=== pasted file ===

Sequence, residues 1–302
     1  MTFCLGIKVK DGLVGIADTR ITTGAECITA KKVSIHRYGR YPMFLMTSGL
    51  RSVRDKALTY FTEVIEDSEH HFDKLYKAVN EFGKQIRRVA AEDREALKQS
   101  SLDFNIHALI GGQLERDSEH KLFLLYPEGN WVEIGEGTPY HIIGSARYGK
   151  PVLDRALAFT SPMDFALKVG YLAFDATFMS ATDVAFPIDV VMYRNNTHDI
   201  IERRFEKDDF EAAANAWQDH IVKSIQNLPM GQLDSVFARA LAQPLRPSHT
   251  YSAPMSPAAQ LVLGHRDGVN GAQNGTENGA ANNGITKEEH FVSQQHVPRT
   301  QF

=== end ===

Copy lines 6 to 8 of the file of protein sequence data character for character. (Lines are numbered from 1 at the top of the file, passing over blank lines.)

   201  IERRFEKDDF EAAANAWQDH IVKSIQNLPM GQLDSVFARA LAQPLRPSHT
   251  YSAPMSPAAQ LVLGHRDGVN GAQNGTENGA ANNGITKEEH FVSQQHVPRT
   301  QF